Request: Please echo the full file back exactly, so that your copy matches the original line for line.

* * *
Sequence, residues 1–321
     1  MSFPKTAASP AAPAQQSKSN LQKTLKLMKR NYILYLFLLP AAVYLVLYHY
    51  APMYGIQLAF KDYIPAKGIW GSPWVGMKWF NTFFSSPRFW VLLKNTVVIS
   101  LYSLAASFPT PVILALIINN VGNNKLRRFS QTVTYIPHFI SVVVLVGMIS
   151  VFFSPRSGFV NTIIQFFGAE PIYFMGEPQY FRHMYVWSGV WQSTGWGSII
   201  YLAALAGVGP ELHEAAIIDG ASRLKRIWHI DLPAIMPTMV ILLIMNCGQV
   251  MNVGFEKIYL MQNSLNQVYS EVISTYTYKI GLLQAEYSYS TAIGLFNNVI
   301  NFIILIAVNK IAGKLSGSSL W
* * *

Sequence, residues 1–321
     1  MSFPKTAASP AAPAQQSKSN LQKTLKLMKR NYILYLFLLP AAVYLVLYHY
    51  APMYGIQLAF KDYIPAKGIW GSPWVGMKWF NTFFSSPRFW VLLKNTVVIS
   101  LYSLAASFPT PVILALIINN VGNNKLRRFS QTVTYIPHFI SVVVLVGMIS
   151  VFFSPRSGFV NTIIQFFGAE PIYFMGEPQY FRHMYVWSGV WQSTGWGSII
   201  YLAALAGVGP ELHEAAIIDG ASRLKRIWHI DLPAIMPTMV ILLIMNCGQV
   251  MNVGFEKIYL MQNSLNQVYS EVISTYTYKI GLLQAEYSYS TAIGLFNNVI
   301  NFIILIAVNK IAGKLSGSSL W